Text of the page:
My wife couldn’t understand why I was laughing. So I explained to her what I was watching…and then she still couldn’t understand what was so funny about that. You see, having a backyard bird feeder can not only be a fun wintertime activity…but it can also be an educational adventure.
Today I was laughing at this poor Downy Woodpecker’s misfortune. Just moments earlier this bird had flown right into a big glass window on the house, and quite honestly, it had “knocked itself silly.” It now clung nearly motionless on the bird feeder in almost a drunken stooper as it slowly tried to regain its sensibilities. I equated it to acting much like a drunk ponied up to a bar wavering back and forth not quite sure of the world around him. That’s what was going on with this woodpecker. It wasn’t completely motionless…but for nearly 10 minutes it sure didn’t move much.
Of course my wife was concerned if the bird would be okay. I assured her that yes…it would be fine. You see, this little incident has repeated itself several times over the winter months. This time it was a male bird…the last time it was a female Downy…the time before that it was a Dark-eyed Junco needing to take a little timeout to sober-up.
What typically happens is this feeder is on a patio and nearby is the house with lots of windows. I suspect these birds, depending on their approach, bee-line it toward the feeder and suddenly “THWARP”…their flight activities come to an abrupt halt. Occasionally, they will fall to the ground where they rest a few moments (side note: we have no cats…so they are perfectly safe). More often, however, they will fly off and land usually close to the feeder so I can watch them acting a bit dizzy.
What I don’t understand is these birds, especially the woodpeckers, will sit and peck at a tree hundreds of times a minute with no health consequences…but a little bump on the window suddenly changes their world for a few moments.
So, what kind of lessons can be garnered from this woodpecker? Well, I can think of several.
First off, sometimes when you have a goal in mind (such as reaching the bird-feeder) taking the most direct route is not always the best plan. In fact, if that is the course you intend to take you need to be prepared to encounter a few obstacles (windows) along the way. Indeed, charting a flight plan that involves flying around the corner of the house might take a few moments of time longer before reaching the goal…but in the long run the bird would have been a whole lot better off for having done so. LESSON TO US: Be prepared for hidden obstacles along the way and plan the journey toward your goals with more careful thought.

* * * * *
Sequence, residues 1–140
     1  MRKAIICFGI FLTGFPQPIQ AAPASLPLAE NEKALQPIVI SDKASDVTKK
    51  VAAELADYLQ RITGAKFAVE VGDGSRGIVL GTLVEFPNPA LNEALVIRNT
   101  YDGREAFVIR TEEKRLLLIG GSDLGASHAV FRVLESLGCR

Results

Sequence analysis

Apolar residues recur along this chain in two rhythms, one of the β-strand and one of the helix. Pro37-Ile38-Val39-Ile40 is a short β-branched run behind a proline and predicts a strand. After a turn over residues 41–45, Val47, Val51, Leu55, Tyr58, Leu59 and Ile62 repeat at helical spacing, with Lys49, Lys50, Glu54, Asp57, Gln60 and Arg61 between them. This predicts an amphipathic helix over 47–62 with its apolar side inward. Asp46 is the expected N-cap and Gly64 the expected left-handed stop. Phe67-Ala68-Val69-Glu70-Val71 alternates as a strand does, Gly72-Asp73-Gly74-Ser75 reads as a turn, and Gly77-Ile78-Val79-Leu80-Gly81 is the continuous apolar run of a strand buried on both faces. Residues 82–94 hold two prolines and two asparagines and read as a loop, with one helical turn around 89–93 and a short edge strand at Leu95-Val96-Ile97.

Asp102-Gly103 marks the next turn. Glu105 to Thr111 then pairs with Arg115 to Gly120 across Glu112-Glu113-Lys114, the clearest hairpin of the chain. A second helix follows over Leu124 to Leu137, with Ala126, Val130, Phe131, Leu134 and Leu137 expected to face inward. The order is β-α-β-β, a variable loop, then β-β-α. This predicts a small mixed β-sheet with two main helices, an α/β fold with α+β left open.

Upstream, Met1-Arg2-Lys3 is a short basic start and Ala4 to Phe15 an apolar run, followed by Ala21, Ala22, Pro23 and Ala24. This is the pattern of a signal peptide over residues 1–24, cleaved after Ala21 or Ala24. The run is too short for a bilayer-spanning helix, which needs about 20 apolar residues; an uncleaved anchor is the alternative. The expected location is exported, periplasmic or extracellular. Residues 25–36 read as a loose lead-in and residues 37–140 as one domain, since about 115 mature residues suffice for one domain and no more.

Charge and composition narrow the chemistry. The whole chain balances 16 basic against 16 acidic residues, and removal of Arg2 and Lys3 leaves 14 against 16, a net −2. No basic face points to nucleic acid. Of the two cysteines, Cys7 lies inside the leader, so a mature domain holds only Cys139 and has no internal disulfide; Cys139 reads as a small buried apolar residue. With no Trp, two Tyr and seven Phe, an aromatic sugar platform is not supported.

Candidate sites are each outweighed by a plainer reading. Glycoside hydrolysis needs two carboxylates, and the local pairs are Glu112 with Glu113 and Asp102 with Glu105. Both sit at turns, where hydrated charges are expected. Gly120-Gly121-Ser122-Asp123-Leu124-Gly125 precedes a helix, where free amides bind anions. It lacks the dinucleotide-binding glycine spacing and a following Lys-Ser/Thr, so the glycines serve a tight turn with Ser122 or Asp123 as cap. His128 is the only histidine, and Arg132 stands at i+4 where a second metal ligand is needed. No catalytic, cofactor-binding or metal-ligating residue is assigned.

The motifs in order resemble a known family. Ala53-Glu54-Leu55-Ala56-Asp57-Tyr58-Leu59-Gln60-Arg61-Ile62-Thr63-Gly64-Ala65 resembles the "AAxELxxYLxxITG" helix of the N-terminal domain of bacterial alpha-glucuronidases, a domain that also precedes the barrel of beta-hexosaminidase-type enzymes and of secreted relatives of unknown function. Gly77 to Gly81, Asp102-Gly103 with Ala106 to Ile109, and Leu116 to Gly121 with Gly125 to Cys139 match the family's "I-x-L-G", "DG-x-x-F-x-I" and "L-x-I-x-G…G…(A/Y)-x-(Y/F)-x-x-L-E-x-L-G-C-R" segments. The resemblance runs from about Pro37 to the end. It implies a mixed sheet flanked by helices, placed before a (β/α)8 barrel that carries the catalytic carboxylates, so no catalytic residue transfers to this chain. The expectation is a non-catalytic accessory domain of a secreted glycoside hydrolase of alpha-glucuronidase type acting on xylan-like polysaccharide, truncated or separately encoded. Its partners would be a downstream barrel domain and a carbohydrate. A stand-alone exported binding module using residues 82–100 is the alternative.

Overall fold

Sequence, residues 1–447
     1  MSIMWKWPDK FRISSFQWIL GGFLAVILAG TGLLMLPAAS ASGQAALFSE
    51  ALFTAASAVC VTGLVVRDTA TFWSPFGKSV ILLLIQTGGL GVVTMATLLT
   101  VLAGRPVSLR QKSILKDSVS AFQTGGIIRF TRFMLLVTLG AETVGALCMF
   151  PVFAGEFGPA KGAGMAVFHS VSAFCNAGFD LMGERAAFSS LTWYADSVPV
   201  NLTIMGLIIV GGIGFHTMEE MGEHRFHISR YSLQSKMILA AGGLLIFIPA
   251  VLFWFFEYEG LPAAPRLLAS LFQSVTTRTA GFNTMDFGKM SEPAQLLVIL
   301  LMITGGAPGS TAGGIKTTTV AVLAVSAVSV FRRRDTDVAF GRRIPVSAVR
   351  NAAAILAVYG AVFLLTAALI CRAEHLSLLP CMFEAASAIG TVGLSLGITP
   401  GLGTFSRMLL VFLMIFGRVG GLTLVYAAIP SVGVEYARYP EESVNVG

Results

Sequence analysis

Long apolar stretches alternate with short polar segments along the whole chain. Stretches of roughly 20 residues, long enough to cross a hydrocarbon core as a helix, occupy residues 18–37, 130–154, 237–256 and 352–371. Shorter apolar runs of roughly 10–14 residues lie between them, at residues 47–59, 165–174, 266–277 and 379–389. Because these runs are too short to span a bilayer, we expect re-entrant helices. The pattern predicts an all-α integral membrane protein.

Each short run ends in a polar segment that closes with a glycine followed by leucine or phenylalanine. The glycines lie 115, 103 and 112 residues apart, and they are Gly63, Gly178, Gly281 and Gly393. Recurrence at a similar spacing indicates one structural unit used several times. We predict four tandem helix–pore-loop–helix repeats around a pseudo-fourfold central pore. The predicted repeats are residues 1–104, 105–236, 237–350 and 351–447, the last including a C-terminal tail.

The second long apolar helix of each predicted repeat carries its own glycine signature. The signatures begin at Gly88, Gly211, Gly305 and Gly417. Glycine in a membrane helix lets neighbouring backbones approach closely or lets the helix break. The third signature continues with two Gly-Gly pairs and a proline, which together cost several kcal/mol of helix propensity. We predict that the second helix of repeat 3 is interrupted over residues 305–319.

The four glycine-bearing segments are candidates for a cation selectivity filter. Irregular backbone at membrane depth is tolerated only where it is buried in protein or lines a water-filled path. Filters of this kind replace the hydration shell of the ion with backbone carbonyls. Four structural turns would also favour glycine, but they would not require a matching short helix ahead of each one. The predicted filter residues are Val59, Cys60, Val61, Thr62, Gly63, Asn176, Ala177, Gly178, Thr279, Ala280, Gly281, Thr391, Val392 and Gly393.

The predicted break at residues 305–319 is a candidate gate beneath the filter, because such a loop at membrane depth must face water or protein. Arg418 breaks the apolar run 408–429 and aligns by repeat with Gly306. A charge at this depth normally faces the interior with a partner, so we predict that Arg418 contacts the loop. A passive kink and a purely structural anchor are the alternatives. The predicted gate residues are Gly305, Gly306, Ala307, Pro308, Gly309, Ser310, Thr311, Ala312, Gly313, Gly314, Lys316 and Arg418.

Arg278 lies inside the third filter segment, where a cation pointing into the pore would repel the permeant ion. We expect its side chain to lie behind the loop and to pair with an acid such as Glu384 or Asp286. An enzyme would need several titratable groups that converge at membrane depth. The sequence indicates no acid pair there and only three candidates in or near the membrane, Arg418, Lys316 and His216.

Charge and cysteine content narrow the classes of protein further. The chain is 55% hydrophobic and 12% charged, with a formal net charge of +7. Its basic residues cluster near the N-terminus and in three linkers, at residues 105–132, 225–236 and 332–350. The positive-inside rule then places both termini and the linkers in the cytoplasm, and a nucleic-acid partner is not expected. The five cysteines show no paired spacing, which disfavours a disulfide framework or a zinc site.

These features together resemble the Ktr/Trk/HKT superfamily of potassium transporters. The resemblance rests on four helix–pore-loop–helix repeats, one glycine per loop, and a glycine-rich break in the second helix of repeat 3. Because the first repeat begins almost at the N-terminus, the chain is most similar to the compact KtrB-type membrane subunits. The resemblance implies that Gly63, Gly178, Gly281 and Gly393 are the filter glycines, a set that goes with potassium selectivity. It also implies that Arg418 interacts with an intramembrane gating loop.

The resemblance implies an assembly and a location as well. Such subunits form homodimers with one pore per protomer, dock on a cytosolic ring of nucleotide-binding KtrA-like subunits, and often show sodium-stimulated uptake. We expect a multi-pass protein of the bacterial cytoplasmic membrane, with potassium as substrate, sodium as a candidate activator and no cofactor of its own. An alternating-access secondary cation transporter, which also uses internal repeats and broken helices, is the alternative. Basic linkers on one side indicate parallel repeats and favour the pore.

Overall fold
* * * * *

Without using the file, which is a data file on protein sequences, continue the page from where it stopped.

Of course, once this bird made a mistake it was much more vulnerable to the world around it…even though I knew there were no immediate threats around my bird-feeder. Yet, we know that in life if we spend too much time picking ourselves up after we stumble, we too, can be vulnerable to those around us. As I inched closer with the camera this bird certainly was well aware of my presence…but could not react normally to avoid my encroachment. LESSON: Don’t get caught dwelling on your recent misfortunes…move on as soon as you can afterwards.
I suppose some might say that it’s cruel of me to put a feeder nearby the house where this incident has repeated itself several times during the winter. I might be inclined to believe that if I had purposefully positioned the feeder to encourage these “window-banging” incidents to happen. The problem is I could move the feeder to another corner of the patio and I am sure this same occurrence would continue to repeat itself. The problem, I believe, with most bird-feeders is the birds get so focused on feeding from them they get distracted from carefully observing the world around them. This has been evidenced when birds that have been feeding suddenly exit into flight and then careen off the window. LESSON: Don’t allow the distraction of a free meal or some other fortunate circumstance to cloud your otherwise good judgment. Carefully plan a quick escape, if needed, no matter what you are doing at any particular time.
And finally, I was amazed how the other birds carried on around this bird as if it wasn’t even there. As the other birds flitted from one perch to another eating a little suet and then eating sunflower seeds…this pathetic bird seemed momentarily oblivious to what was happening. LESSON: Just because you might be feeling down and out at the moment…don’t expect the world to take pity on you. In fact, when your world is seemingly a bit dizzy and confusing…expect the others around you to act as if they don’t even care.
Alright…maybe I need another cup of coffee this morning so I quite philosophizing about the world around me. Lack of caffeine in my system has me starting to take sympathy on this poor bird. I wonder if they make suet cakes laced with caffeine for that same “pick-me-up effect”? If they did…this bird could sure use some.
© 2006 Jim Braaten. All Rights Reserved. No Reproduction without Prior Permission.